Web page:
In an interview with David Teather of The Guardian (4-13-07), Constantine said of being broke and stating over, “There wasn’t the scope for all the bullshit. It was much more realistic. If you have got no money there is a constant focus on making a profit, which is so much healthier.”

We’ve heard this same sentiment often from other incredibly successful entrepreneurs, including Randy Hetrick, Mike Michalowicz and Alden Mills.

Start over they did, making their own products and fragrances in earnest, including ‘bath bombs.’ This time, they gained nearly instant popularity with consumers. Soon, they held a contest to name the new company and the brand ‘Lush,’ for ‘fresh, green and verdant,’ was born. The privately-held company hasn’t stopped growing since!

Lush makes a variety of personal care products using only vegetarian or vegan recipes, including body lotions and soaps, hair products, fragrances, scrubs, and makeup. However, they are best known for their ‘bath bombs,’ which I learned about on my adventure in Vegas. When dropped into water, these nearly-living creatures begin to sizzle and burst outward, producing an array of fragrances, colors and sounds, turning an ordinary bath into an hour at a luxury spa.

Changing the Pace of Life

Deciding an occasional bath might be fun, I brought some Lush products home to enjoy. Like many others, taking a bath had become a nearly obsolete exercise in our home, to the extent where we even considered removing the tub altogether. After all, in our busy world who has the time? But all that has changed just by adding this one new twist.

Taking a bath every few days has become an entertaining activity thatI look forward to, and in addition, there’s no doubt it has increased my sense of well-being. Smelling good can do that, I’ve heard.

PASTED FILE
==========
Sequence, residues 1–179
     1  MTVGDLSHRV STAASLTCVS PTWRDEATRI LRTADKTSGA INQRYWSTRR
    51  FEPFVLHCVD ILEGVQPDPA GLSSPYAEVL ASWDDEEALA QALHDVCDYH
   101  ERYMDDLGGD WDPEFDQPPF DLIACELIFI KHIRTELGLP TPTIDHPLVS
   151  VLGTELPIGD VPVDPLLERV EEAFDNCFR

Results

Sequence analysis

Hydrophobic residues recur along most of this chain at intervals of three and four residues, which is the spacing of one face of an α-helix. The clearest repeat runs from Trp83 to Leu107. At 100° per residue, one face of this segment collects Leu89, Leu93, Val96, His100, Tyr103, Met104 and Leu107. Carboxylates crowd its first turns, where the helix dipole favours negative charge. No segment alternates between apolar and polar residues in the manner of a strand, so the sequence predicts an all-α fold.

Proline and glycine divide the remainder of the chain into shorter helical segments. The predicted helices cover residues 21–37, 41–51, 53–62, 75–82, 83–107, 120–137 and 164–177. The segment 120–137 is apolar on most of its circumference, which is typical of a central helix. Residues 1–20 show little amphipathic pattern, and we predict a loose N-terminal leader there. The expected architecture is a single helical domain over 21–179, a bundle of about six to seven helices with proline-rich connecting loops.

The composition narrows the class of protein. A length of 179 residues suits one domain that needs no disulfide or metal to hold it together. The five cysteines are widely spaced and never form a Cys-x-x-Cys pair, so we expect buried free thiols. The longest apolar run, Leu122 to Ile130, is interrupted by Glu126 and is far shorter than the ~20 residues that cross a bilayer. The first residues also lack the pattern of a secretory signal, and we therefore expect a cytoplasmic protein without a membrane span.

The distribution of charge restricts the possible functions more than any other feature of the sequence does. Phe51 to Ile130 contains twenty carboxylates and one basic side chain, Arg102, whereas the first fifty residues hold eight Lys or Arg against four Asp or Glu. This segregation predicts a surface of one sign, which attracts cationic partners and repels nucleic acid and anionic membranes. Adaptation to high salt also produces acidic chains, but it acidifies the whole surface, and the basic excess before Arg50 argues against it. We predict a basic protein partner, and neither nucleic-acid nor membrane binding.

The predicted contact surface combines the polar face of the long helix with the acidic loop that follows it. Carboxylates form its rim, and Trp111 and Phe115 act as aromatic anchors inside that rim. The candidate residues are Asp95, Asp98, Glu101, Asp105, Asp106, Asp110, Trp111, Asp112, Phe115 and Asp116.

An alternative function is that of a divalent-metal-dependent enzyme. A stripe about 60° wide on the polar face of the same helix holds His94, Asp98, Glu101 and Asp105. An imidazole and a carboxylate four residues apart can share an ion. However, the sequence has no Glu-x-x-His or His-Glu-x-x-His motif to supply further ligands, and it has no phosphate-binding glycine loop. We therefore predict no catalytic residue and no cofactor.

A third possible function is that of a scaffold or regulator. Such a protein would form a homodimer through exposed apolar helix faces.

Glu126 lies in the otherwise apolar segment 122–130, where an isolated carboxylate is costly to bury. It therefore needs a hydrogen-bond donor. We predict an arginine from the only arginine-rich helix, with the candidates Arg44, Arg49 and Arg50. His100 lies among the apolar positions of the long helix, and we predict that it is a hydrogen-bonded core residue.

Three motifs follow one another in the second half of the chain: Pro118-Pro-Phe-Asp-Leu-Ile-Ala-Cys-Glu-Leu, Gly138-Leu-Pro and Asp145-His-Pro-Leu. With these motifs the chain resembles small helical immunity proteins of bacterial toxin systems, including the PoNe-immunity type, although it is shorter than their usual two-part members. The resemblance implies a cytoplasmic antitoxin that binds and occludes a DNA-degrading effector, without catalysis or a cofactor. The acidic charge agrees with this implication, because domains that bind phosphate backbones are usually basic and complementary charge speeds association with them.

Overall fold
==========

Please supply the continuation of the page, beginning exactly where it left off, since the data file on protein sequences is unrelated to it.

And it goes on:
Really, I believe the ritual has changed the entire pace of my life. On my bath days, I slow down, become more aware, give myself a chance to breathe, decompress and lessen any stress that may have been building. It’s often called “me time.”

Although, I’ll admit I have a pad and pen nearby because a million thoughts start to pour in when I’m at such ease. I guess my mind is still fizzling and swirling along with the bath bombs. But when it does, I’m in a better place, literally.

A Few Favorites

These wonderful little creatures come in every shape, size and color imaginable, and are filled with natural oils, butters and fragrances that provide a new, relaxing and fun experience every time.

A few of my favorites (pictured above) are Sushi, Yuzu and Cocoa, Guardian of the Forest, Butterball, Yellow Submarine, Metamorphosis, Golden Egg and the Big Sleep. One of the many Lush stores is in the Mall nearby, so I’ve reloaded my supply and plan to continue the ritual.

If you haven’t tried Lush bath bombs yet, I suggest you give it a swirl. However, a word of warning – the fizz, the aromas, the colors, the state of mind-once you start, you might become addicted like me.

But why not? This falls into the category of a healthy, life-affirming addiction. Isn’t that what we’re all seeking?